SOUTH ASIA INTELLIGENCE REVIEW
Murders, Calling Truce
of events that preceded the NDFB's truce offer is interesting:
After the December 2003 Bhutanese military assault on the
bases of the NDFB and other Northeast Indian insurgent groups
inside the Himalayan kingdom, these tribal guerrillas were
lying low, most of them cooling their heels on the Meghalaya-Bangladesh
border. By August-September 2004, the NDFB started flexing
its muscles, and carried out a few isolated attacks in western
Assam, but still went largely unnoticed. They were, of course,
pushing ahead with a strategy that is common in the region's
theatre of insurgency, but one that has always succeeded
in making the Government sit up and take notice - stepping
up violence like never before.
'Peace' by Assassination
who declared independence from the LTTE central command,
fled his stronghold and defected to Government-controlled
areas on April 9,2004, when Prabhakaran ordered an all out
attack to quash the rebellion. Ever since the defection,
intermittent skirmishes and killings have occurred in Batticaloa,
the northern Jaffna Peninsula and the capital Colombo.
Weekly Fatalities: Major Conflicts in South Asia
October 4-10, 2004
41 people killed during bomb blast in Multan: At least 41 people were killed and more than 100 injured in a bomb blast in the city of Multan on October 7, 2004. The attack occurred at about 4.40AM (PST) when hundreds of people had gathered to mark the first anniversary of the killing of Sunni leader and Sipah-e-Sahaba (SSP) chief, Maulana Azim Tariq, outside Islamabad. "It seems to be an act of sectarian terrorism, but we are still investigating," Multan's deputy police chief, Arshad Hameed, told the Associated Press. While no one has claimed responsibility for the attacks, police suspect the involvement of outlawed Shia groups. The attack comes almost a week after a suicide attacker detonated a bomb inside a crowded Shia mosque in the eastern city of Sialkot, killing 31 people and injuring more than 50. Dawn, October 8, 2004.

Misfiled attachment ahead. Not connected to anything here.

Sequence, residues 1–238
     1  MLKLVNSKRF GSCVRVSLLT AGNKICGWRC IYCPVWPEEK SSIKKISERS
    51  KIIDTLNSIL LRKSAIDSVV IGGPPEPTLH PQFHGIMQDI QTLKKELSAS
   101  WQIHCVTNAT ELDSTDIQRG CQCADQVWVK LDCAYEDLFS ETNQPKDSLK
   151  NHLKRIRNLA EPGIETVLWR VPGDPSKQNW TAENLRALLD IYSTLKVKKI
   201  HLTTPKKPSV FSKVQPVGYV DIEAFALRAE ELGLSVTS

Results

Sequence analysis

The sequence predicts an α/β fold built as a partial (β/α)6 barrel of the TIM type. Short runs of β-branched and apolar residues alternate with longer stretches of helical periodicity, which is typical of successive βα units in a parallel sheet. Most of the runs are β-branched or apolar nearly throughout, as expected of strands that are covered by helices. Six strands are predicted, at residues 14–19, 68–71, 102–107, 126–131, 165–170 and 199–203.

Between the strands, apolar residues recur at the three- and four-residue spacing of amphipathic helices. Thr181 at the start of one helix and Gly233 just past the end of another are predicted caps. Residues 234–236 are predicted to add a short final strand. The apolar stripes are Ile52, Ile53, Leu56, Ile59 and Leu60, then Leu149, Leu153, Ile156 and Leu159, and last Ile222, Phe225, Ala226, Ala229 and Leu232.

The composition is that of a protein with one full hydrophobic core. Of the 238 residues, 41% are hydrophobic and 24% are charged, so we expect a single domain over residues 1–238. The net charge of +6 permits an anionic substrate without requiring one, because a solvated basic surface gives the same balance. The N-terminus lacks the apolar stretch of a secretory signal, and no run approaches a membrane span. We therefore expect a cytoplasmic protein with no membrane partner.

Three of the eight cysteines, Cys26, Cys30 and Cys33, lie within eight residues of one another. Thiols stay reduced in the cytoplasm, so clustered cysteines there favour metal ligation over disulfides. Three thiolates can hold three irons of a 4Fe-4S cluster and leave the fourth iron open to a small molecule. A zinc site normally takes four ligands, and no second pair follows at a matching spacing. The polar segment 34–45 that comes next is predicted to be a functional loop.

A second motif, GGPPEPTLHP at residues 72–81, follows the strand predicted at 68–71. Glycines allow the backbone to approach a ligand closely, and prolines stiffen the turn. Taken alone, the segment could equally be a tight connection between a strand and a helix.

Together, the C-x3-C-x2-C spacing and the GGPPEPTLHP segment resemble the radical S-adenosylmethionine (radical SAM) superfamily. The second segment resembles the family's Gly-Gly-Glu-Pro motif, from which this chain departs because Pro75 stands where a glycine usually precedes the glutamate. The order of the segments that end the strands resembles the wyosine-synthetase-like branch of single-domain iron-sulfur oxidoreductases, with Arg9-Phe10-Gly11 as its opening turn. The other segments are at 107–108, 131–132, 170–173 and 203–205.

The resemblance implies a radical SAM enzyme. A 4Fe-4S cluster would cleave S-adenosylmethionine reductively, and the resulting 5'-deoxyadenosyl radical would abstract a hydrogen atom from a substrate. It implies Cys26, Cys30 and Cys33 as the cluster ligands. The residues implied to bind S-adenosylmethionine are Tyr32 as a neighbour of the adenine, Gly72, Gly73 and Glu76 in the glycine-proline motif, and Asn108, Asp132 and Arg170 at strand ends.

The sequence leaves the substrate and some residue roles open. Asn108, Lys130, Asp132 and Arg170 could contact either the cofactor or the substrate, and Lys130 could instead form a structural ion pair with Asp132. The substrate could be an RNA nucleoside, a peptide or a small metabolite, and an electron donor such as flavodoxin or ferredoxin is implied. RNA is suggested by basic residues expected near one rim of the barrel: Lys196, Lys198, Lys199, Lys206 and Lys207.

1,424 children recruited by LTTE during truce period, says SLMM spokesperson: The Liberation Tigers of Tamil Eelam (LTTE) have recruited 1,424 children, out of which 45 have been abducted, during the last 28-month truce period ending August 31, while 359 adults were abducted during the same period, a spokesperson of the Sri Lanka Monitoring Mission (SLMM) said on October 9, 2004. The SLMM's latest statistics reveal that, from February 2002 to end-August 2004, 1,760 complaints were recorded in all districts of the North and East. Daily News, October 10, 2004.
A Project of the
Institute For Conflict Management
Recommend South Asia Intelligence Review (SAIR) to a friend.